The Tatler, Volume 2

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George Atherton Aitken
Duckworth, 1898 - English essays

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Page 382 - Hyperion to a satyr; so loving to my mother That he might not beteem the winds of heaven Visit her face too roughly. Heaven and earth! Must I remember? Why, she would hang on him As if increase of appetite had grown By what it fed on; and yet, within a month Let me not think on't! Frailty, thy name is woman! A little month, or ere those shoes were old With which she followed my poor father's body Like Niobe, all tears - why she, even she (O God!
Page 382 - Would have mourn'd longer, — married with my uncle, My father's brother, but no more like my father Than I to Hercules: within a month, Ere yet the salt of most unrighteous tears Had left the flushing in her galled eyes, She married. O most wicked speed, to post With such dexterity to incestuous sheets, It is not nor it cannot come to good; But break, my heart, for I must hold my tongue!
Page 408 - gainst that season comes Wherein our Saviour's birth is celebrated, The bird of dawning singeth all night long...
Page 317 - His mother, between laughing and chiding, would have put him out of the room; but I would not part with him so. I found, upon conversation with him, though he was a little noisy in his mirth, that the child had excellent parts, and was a great master of all the learning on the other side eight years old.
Page 16 - A man so various, that he seemed to be Not one, but all mankind's epitome : Stiff in opinions, always in the wrong, Was everything by starts, and nothing long; But, in the course of one revolving moon, Was chemist, fiddler, statesman, and buffoon ; Then all for women, painting, rhyming, drinking, Besides ten thousand freaks that died in thinking.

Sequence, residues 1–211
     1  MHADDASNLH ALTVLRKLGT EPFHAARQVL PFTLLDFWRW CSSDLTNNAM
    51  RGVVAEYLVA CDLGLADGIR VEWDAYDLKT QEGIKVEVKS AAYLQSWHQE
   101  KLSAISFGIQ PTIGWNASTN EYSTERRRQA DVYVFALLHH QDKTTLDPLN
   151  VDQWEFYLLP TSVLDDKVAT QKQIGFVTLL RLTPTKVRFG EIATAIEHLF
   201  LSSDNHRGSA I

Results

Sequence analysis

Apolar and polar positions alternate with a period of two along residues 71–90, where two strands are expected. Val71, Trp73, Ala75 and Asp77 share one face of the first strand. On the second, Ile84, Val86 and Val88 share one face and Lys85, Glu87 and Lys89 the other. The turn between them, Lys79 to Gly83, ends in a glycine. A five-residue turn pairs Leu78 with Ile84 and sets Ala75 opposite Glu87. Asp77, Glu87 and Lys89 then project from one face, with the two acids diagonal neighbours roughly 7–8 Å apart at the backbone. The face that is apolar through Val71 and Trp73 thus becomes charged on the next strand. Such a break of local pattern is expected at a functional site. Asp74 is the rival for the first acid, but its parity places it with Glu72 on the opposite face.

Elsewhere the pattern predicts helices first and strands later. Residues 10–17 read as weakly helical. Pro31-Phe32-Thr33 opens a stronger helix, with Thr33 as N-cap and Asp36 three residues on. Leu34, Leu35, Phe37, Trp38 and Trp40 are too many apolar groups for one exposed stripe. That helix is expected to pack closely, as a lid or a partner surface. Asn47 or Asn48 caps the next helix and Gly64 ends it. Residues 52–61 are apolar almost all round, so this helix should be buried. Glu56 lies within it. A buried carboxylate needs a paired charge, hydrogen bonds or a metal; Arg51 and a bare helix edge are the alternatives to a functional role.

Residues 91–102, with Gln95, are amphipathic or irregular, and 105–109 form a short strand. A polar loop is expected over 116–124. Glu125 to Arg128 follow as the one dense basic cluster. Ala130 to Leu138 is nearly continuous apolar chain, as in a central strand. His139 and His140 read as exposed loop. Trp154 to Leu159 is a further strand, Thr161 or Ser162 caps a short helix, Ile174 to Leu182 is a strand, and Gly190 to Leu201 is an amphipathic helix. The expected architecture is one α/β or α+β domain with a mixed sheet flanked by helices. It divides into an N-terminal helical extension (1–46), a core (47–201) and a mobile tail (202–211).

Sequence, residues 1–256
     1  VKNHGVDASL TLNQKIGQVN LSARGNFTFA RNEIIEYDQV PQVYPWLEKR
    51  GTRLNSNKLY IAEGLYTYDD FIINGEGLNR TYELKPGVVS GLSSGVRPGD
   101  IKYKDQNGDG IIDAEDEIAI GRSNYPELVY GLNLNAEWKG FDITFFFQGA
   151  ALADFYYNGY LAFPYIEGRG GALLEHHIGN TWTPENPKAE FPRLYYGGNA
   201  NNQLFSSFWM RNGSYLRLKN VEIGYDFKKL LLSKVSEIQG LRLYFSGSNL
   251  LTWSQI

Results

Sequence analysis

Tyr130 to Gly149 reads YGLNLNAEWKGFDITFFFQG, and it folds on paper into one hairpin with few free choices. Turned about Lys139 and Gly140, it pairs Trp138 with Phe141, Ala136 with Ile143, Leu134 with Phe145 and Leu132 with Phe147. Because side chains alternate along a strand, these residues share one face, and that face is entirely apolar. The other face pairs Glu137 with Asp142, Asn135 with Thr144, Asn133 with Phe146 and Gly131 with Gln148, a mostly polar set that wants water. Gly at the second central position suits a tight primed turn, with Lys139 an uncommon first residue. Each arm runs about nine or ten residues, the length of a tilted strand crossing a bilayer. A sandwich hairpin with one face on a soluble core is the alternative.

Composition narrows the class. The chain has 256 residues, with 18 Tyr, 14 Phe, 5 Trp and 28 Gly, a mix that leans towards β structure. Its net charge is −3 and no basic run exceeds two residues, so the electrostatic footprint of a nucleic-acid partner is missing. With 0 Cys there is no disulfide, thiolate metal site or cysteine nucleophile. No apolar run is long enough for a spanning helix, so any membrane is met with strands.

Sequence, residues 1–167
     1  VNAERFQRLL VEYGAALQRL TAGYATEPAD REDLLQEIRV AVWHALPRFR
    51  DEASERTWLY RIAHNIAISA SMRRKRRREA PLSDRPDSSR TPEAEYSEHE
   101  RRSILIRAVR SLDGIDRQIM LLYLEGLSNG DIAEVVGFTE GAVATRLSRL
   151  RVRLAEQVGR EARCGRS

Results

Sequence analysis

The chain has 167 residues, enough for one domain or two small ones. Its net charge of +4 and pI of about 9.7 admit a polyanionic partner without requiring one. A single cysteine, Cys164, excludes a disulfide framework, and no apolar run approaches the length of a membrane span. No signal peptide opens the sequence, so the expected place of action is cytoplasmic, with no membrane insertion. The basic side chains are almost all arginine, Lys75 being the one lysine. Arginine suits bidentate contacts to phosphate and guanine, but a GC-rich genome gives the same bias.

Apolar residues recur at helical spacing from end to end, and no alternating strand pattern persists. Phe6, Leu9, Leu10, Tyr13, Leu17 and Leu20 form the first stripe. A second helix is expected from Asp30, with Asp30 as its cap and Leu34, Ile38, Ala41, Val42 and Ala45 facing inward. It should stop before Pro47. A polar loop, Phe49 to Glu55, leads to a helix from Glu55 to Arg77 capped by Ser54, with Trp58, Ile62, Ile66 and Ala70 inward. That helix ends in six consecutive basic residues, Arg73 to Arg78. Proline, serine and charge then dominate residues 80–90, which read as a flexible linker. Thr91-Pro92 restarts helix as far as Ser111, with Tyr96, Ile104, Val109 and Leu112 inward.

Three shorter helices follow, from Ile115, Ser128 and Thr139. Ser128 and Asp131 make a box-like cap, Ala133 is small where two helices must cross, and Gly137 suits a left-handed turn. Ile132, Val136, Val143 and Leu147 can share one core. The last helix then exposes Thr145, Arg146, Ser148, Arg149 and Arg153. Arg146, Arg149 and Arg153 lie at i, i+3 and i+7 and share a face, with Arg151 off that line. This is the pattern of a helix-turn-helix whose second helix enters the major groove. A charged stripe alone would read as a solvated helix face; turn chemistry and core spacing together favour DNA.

Page 318 - ... for which reason I found he had very much turned his studies for about a twelvemonth past, into the lives and adventures of Don Bellianis of Greece, Guy of Warwick, the Seven Champions, and other historians of that age. I could not but observe the satisfaction the father took in the forwardness of his son : and that these diversions might turn to some profit, I found the boy had made remarks which might be of service to him during the course of his whole life. He would tell you the...
Page 313 - ... daughters ; upon which, the gentleman, my friend, said, ' Nay ; if Mr. Bickerstaff marries a child of any of his old companions, I hope mine shall have the preference : there is Mrs. Mary is now sixteen, and would make him as fine a widow as the best of them. But I know him too well ; he is so...
Page 170 - The diseased have ye not strengthened, neither have ye healed that which was sick, neither have ye bound up that which was broken, neither have ye brought again that which was driven away...
Page 335 - He that has light within his own clear breast, May sit i' the centre, and enjoy bright day : But he, that hides a dark soul and foul thoughts, Benighted walks under the mid-day sun ; Himself is his own dungeon.

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